The faceplate has white printed “hybrid technology” on it and 3 horizontal vents with a metal mesh underneath and 3 installed allen screws which isn’t painted black, the shell is a matte red with L and R markings on each. I wasn’t a fan of these silhouette yet after sometime it wasn’t that bad except for the in-your-face “hybrid technology” on the faceplate. The included silicon tips that came with the ZSA is clearly a mismatch for it and it is highly recommended to get a 3rd party tip hence in this realview, the Final Audio Type E was used due to its perfect bore size that matches the ZSA nozzle nicely, at 1st it was weird not seeing a nozzle lip to aid with tip security however the Final Audio Type E didn’t come off when the IEM was removed for the duration of the realview, a metal mesh is also present on the nozzle which is good.
The 1st foray I had into the KZ lineup was the AS10 and that was a welcome sound which was easy on the ears, the ZSA showcased similar tonality after the “necessary” burn-in which this time around reached 150 hours. The ZSA gave out a relatively flat response which didn’t show aggressive emphasis on the lower and upper frequencies. Let me drop the ball this early, I prefer the ZSA over the AS10 in overall sound, the AS10 had slower decay on the bass which I wasn’t a fan on how the effect caused the overall sound to be warm however the other frequencies were similar between the 2. I used the Opus 1 and Xduoo x3ii churning out 16/44 FLACs on multiple tracks under the One More Light, Best of Olivia Ong, Fleetwood Mac Greatest Hits and Dead Mau albums.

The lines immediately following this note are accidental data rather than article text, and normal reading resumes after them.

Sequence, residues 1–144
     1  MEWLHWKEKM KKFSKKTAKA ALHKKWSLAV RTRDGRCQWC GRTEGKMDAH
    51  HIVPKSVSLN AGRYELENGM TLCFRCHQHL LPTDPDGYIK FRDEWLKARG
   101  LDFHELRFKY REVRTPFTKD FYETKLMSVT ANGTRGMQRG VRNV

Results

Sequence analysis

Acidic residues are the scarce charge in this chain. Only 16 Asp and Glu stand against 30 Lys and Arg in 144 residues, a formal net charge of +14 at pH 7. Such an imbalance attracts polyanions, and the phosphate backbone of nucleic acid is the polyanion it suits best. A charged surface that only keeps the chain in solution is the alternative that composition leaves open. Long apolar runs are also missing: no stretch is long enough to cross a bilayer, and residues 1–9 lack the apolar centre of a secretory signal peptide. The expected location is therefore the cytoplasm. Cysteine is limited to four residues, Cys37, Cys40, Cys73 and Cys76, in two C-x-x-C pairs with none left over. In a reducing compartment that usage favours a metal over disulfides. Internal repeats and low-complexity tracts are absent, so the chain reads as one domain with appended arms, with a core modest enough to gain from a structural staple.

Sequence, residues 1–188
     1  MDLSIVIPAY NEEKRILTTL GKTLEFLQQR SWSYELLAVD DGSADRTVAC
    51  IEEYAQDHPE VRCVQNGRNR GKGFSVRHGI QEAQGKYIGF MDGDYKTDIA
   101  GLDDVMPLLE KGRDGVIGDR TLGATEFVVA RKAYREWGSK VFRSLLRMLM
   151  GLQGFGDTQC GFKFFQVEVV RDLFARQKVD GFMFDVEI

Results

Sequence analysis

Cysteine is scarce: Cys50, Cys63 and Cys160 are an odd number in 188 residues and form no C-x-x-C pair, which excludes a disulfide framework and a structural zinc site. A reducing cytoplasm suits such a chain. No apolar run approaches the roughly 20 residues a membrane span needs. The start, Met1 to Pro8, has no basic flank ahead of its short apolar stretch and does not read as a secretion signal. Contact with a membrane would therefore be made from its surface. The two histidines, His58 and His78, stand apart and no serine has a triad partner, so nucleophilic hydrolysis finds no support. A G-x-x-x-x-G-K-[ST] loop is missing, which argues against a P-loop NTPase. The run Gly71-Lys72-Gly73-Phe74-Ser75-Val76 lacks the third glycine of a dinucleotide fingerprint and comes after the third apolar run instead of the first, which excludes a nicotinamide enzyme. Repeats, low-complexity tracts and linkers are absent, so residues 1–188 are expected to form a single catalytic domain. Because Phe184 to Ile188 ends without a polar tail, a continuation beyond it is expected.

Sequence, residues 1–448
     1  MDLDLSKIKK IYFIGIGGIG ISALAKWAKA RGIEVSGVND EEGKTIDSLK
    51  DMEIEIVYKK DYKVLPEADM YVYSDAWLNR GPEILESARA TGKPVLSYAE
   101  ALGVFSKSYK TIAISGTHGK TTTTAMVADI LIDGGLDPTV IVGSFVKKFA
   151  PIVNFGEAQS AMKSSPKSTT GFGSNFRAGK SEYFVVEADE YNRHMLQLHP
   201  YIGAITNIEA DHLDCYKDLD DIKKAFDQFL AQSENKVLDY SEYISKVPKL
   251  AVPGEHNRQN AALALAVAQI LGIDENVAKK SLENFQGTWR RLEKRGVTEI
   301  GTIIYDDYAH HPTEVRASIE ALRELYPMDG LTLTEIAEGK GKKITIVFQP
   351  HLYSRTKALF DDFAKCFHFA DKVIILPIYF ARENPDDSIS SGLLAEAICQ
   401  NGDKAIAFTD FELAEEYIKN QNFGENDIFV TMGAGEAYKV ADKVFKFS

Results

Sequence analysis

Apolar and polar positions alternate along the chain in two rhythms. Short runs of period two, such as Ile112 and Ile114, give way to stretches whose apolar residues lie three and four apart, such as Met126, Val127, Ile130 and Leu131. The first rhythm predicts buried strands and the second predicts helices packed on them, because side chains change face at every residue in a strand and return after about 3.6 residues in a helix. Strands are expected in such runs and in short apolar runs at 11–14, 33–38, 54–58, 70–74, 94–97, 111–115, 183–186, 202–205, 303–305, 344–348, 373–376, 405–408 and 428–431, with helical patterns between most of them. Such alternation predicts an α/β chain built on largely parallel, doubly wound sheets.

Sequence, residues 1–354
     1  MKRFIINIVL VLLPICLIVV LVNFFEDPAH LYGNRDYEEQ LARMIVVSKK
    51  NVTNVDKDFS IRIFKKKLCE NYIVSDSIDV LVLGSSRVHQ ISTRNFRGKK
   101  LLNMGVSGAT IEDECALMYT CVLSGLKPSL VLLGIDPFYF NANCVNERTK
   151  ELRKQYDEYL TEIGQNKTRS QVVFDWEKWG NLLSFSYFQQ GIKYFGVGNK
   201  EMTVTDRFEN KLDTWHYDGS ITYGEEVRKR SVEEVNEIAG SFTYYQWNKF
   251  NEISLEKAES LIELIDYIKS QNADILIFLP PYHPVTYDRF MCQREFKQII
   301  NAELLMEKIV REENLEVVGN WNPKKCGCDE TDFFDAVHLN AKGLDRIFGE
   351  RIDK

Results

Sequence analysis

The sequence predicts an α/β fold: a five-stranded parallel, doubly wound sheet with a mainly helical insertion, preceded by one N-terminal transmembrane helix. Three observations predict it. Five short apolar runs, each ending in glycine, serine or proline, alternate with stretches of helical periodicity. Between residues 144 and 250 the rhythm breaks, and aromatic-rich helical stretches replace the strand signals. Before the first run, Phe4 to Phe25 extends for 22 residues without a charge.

DeadMau’s Cat Thruster track played a soft thumpy bass. I would have preferred a more full-bodied bass on this aspect but it is great that this still allows for a cleaner definition for the midrange tones. The sub bass plunges deep and sounds very easy on the ears even when used with more powerful sources. The ZSA’s low-end performance showcases a well-controlled bass that isn’t thin or too powerful. This can satisfy your regular need of low-end kick.